it's considering Popular Nonsense.
Ha! Just kidding. That's the headline on Jonah Goldberg's recent column. Excerpt:
For the last week, Washington’s chattering class has been obsessed with Joe Biden’s politically successful exchange with Republicans over Social Security and Medicare. During the State of the Union, he maneuvered the GOP into a standing ovation to “protect” these entitlement programs. But while his admirers cheer and his detractors grumble about Biden’s framing of the politics—the GOP never signed on to Sen. Rick Scott’s proposal to “sunset” entitlement programs every five years and did not threaten to hold the debt ceiling debate “hostage” to cuts—there’s been precious little attention to the lies about the policy underneath the alleged lies about politics.
Biden suggested that he could pay for sweeping infrastructure programs and keep entitlements solvent simply by finally making the wealthiest and biggest corporations begin to pay their fair share. He alluded to the fact that workers have paid into Social Security and Medicare from their “very first paycheck they’ve started.”
It was nonsense—popular nonsense. Sure, workers have paid into these programs all their lives, but they get more out of them than they pay in, which is why Biden’s own Social Security trustees predict insolvency in the next decade. And suggesting that raising taxes on the rich and biggest corporations will save these programs from insolvency is demagoguery, popular demagoguery. (Never mind that low corporate tax revenues are the result not of greed, but of the tax code.)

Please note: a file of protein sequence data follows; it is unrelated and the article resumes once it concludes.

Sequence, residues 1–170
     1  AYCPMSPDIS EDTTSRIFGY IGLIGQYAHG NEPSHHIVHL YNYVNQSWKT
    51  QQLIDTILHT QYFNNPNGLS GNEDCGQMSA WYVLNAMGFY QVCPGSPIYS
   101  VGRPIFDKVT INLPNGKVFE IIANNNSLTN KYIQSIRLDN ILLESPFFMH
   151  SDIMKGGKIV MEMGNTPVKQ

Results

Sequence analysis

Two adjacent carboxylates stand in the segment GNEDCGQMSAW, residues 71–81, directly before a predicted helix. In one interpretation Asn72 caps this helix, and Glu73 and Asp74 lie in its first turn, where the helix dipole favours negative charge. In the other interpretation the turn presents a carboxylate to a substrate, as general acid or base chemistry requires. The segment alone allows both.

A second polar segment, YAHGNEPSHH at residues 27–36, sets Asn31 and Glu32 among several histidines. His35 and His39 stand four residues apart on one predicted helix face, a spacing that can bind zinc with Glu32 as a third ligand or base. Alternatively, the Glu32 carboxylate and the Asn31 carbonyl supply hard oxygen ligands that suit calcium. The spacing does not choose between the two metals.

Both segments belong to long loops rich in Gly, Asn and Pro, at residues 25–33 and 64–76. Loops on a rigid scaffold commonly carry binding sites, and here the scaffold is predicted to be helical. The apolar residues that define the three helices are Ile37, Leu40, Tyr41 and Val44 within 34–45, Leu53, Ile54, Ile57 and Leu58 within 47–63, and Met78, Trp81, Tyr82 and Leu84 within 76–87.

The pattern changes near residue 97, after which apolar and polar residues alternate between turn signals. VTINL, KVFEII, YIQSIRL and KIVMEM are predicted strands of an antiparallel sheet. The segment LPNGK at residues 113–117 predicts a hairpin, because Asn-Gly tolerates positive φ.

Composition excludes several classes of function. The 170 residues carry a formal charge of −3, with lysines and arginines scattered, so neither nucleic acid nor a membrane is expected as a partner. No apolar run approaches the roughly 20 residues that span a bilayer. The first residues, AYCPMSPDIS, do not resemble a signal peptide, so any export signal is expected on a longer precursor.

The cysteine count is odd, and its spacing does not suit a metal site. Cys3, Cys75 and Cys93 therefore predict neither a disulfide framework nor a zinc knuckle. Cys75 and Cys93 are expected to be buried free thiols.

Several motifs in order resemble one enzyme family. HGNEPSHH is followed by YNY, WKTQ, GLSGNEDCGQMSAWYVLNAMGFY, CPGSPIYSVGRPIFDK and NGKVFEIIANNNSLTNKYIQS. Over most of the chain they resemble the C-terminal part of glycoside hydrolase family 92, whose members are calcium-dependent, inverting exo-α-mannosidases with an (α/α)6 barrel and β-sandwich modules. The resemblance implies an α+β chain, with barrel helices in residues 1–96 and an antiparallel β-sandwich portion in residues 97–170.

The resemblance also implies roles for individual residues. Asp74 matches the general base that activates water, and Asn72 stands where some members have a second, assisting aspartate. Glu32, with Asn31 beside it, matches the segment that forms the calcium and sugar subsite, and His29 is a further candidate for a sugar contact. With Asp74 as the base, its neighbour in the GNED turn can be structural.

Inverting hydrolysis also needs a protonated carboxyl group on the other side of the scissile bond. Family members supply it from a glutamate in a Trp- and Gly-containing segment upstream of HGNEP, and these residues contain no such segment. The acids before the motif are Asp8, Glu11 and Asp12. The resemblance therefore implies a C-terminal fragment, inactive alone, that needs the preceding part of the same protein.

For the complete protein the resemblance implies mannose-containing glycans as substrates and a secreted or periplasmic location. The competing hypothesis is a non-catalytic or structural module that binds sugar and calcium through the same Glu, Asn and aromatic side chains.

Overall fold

Also weighing in with some sense is Jeff Jacoby: As Social Security races toward a cliff, both parties refuse to act.
Republicans and Democrats these days are unanimous that Social Security not be reined in. "There's not a single soul on either side [who supports] cutting benefits," Representative Kevin Hern, an Oklahoma Republican, told Bloomberg Law last week. Former president Donald Trump declared that "under no circumstances" should the GOP "vote to cut a single penny" from entitlement programs like Social Security. House Speaker Kevin McCarthy vows that cuts to Social Security "are off the table."
On countless issues — crime, gender, immigration, energy — the parties are miles apart. On Social Security, they march in lockstep. Which is another way of saying that both parties are committed to doing nothing as the government's costliest spending program careens toward insolvency.
Is there anyone in Congress deserving a chapter in an up-to-date edition of Profiles in Courage?
One cheer for the Sun King at Reason: New Hampshire Gov. Sununu Announces Massive Occupational Licensing Reform.
For years, New Hampshire has been luring new residents with the promise of low taxes and a generally libertarian ethos. Soon, migrants to the state will be spared a significant relocation headache: getting permission from the government to do the same job you did somewhere else.
New Hampshire Gov. Chris Sununu, a Republican, launched a bold occupational licensing reform effort during his annual budget address on Tuesday by promising to sign legislation that broadly recognizes occupational licenses issued by other states.
He also proposed "outright elimination of 34 licenses currently issued by various boards". I can't find a list of them anywhere.